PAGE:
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Refracting telescope.

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Introduction

Refracting telescope

The telescope is also a compound lens system. In this case, we want to see objects, which are very far away, so one of the lenses will necessarily have a very large focal length. This contrasts with the microscope, which has a short focal length for the objective lens in order to see something very close. For the telescope, the intermediate image produced by the objective lens has a size where is the focal length of the objective lens and is the angular size of the source. The eyepiece then acts the same as for the microscope; it takes the intermediate image as its object and magnifies it to a final angular size . Thus, the angular magnification of the telescope is

Where is the focal length of the eyepiece and that of the objective? Note that the dependence of on and is different; here it is desirable for to be as large as possible.

Aberrations

Briefly, there are two kinds of aberrations: monochromatic and chromatic. Monochromatic aberrations occur equally to light of all wavelengths.

Middle

 Figure: Light refraction at a water-air interface. Snell's law in this case is .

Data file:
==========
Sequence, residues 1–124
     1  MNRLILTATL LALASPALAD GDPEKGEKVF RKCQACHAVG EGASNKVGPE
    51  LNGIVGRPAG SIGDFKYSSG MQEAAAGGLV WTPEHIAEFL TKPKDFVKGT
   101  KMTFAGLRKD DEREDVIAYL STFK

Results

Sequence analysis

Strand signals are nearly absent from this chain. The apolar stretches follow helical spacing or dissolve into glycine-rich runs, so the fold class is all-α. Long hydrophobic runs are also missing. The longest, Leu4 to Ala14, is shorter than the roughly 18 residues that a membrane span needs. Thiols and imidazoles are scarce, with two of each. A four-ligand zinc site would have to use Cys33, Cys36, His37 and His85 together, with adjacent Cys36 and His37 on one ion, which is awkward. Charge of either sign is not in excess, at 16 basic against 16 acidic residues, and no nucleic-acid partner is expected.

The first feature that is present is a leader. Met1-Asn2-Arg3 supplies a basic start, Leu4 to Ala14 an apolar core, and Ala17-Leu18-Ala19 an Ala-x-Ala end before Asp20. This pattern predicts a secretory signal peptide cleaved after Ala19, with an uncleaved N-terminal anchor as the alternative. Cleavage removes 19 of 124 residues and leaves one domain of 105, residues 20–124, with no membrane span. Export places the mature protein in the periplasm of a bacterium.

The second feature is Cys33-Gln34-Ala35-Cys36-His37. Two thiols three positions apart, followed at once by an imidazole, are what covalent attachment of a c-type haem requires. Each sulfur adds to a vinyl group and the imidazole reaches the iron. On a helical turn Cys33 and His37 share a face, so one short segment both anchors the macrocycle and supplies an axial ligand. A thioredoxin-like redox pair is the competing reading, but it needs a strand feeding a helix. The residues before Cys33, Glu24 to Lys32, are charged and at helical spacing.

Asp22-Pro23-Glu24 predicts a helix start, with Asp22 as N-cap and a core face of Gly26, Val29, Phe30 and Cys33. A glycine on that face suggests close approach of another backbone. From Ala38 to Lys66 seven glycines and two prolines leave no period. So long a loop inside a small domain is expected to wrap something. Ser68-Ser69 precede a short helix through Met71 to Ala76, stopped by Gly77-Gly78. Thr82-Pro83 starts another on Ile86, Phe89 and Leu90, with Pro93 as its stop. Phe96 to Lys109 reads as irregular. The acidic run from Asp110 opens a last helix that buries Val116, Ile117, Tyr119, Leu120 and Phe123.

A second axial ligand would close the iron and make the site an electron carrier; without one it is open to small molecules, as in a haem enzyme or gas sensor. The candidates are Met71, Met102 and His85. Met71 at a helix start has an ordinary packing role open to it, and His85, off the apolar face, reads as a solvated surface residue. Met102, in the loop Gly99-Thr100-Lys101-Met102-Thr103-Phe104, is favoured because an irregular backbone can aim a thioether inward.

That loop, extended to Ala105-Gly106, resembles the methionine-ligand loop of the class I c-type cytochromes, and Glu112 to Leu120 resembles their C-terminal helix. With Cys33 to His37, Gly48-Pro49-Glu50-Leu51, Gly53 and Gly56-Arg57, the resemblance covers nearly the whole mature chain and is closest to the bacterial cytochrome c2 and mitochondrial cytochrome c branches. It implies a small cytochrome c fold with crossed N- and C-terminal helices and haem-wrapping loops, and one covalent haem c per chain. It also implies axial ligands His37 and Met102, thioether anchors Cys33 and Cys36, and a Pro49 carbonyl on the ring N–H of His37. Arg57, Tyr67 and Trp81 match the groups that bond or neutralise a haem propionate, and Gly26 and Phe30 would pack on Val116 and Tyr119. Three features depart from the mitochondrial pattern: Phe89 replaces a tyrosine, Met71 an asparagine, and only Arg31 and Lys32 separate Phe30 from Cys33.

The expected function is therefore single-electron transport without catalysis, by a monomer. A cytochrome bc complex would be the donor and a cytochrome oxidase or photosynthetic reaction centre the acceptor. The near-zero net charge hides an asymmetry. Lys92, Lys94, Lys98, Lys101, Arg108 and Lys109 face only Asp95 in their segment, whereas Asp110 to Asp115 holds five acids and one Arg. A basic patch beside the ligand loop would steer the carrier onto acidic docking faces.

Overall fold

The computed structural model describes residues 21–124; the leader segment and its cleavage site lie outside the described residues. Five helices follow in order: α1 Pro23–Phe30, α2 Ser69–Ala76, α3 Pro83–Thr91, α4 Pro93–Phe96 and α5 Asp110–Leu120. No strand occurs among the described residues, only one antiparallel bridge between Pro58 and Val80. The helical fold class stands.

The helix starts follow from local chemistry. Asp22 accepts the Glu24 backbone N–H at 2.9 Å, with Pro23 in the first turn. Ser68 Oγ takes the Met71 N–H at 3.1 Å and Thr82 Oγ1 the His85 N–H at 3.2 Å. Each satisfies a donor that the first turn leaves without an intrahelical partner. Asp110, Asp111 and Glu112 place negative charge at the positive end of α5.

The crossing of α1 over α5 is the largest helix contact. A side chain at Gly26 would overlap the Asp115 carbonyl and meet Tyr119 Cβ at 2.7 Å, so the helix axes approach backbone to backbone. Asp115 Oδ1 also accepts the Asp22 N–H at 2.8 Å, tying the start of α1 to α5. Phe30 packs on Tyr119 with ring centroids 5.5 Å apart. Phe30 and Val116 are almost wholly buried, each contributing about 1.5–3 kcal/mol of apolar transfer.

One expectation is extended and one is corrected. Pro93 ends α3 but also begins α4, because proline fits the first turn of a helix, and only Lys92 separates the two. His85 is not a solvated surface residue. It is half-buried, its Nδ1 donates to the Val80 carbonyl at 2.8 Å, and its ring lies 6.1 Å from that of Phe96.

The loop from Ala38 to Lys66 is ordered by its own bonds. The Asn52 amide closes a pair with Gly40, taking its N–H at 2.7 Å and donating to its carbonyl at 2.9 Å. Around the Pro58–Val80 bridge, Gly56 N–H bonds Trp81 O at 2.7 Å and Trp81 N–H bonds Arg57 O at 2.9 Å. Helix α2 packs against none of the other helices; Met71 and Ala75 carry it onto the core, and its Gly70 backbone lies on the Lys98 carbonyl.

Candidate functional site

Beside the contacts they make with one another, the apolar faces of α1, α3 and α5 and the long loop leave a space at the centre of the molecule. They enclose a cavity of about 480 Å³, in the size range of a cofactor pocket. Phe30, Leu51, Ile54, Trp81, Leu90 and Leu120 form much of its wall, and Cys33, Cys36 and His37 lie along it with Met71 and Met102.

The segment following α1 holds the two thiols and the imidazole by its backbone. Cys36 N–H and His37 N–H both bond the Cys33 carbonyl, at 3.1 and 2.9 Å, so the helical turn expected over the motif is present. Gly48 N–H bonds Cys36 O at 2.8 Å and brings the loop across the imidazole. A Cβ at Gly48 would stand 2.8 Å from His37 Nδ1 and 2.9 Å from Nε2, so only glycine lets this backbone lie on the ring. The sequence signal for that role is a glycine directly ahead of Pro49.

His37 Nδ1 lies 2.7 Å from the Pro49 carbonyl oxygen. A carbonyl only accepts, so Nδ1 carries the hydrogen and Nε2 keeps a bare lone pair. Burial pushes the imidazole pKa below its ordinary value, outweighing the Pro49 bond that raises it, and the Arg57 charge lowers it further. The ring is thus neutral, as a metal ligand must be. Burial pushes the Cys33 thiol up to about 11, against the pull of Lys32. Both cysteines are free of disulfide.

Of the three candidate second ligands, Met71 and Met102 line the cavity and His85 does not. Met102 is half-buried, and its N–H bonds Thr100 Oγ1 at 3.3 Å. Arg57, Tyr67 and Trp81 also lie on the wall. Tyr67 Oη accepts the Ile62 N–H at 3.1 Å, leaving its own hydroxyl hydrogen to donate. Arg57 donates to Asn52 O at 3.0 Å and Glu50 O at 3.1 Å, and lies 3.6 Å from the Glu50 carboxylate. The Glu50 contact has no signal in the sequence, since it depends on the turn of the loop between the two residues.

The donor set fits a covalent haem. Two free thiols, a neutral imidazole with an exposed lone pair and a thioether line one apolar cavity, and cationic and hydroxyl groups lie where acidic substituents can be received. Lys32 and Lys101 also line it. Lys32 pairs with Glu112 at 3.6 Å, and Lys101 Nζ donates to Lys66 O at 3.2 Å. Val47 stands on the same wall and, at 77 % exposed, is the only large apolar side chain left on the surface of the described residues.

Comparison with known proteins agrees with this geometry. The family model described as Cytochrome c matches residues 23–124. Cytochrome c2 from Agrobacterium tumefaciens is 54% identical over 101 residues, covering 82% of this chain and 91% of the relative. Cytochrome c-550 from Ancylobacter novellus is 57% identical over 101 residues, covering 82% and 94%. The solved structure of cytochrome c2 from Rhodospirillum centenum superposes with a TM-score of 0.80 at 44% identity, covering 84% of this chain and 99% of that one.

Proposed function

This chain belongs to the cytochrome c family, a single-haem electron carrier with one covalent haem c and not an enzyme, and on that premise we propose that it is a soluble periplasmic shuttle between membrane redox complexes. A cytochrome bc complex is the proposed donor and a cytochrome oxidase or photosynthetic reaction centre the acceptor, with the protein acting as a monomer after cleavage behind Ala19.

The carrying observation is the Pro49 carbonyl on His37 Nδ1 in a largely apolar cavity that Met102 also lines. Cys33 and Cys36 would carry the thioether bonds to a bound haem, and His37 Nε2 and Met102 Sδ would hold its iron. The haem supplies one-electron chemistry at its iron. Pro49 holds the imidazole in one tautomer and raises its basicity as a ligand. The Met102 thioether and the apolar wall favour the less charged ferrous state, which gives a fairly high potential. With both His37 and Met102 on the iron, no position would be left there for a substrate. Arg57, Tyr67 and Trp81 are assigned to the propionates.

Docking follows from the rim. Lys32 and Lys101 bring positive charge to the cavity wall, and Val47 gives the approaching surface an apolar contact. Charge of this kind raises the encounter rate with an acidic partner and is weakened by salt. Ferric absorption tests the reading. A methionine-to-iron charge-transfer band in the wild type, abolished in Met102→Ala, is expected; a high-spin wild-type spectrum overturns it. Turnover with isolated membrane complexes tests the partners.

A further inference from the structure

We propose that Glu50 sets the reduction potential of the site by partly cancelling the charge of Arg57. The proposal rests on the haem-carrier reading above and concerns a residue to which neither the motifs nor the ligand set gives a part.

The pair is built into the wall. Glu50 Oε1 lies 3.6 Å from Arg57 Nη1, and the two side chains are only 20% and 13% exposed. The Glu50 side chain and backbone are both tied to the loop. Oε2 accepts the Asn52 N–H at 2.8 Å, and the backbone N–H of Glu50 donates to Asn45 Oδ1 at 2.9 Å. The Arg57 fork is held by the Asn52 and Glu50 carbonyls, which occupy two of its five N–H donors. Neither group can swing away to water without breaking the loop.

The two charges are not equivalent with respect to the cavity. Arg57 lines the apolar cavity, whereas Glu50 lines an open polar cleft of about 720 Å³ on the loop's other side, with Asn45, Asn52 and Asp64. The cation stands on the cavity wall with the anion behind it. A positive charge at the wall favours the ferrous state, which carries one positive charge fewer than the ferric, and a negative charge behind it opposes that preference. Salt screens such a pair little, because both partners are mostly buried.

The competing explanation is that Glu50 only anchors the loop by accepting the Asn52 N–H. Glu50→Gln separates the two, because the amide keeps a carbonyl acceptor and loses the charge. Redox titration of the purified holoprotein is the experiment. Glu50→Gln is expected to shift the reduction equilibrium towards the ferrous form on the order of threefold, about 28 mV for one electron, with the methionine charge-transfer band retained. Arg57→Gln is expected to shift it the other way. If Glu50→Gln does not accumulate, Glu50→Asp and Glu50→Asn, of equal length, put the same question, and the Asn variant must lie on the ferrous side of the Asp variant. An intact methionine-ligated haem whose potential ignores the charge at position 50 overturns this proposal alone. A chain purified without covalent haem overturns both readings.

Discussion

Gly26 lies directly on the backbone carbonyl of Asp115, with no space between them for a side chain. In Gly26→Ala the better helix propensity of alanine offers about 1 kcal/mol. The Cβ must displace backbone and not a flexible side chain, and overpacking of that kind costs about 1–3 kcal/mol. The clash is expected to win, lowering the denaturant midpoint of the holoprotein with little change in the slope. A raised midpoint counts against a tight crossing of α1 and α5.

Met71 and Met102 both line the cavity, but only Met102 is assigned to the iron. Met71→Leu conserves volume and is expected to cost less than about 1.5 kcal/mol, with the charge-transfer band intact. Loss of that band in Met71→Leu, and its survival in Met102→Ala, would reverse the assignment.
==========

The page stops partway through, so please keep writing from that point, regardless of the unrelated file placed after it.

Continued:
The reason things happen differently in water as opposed to a vacuum is that light travels at a different speed. Light travels fastest in a vacuum. The ratio of the speed of light in a vacuum () to that in a different medium is called the index of refraction and is usually labelled . For air, is close enough. For water, . For many types of glass, or so. The largest values are greater than 2.0.

We will see shortly how the hypothesis that light always picks the shortest route (time wise) between two points leads naturally to the law of refraction (Snell's law), which I state here:

Conclusion

Upright or inverted: Real images are always inverted. Virtual images are always upright.

Magnification: The size of the image relative to the size of the object that created it.

Position: Where is the image (or where does it appear to be)?

To determine these characteristics, we follow a simple set of rules:

(a)

Take 2 different rays, both coming from the same point on the object.

(b)

See if they converge or diverge.

(c)

Take a third ray to verify the image.

(d)

Use ``simple" rays.

Important formulas

I end this lecture by reminding you of some important formulas for mirrors. Remember that is the position of the image, and is the position of the source. Is the magnification, the radius of curvature?

Magnification

Angular magnification

The magnification of an optical instrument is given by the angular magnification of the lens combination. Angular magnification is the ratio of the angular size of the image to that of the source. The angular size of something is its actual size divided by its distance from your eye. For example, the moon's angular size is about one degree.

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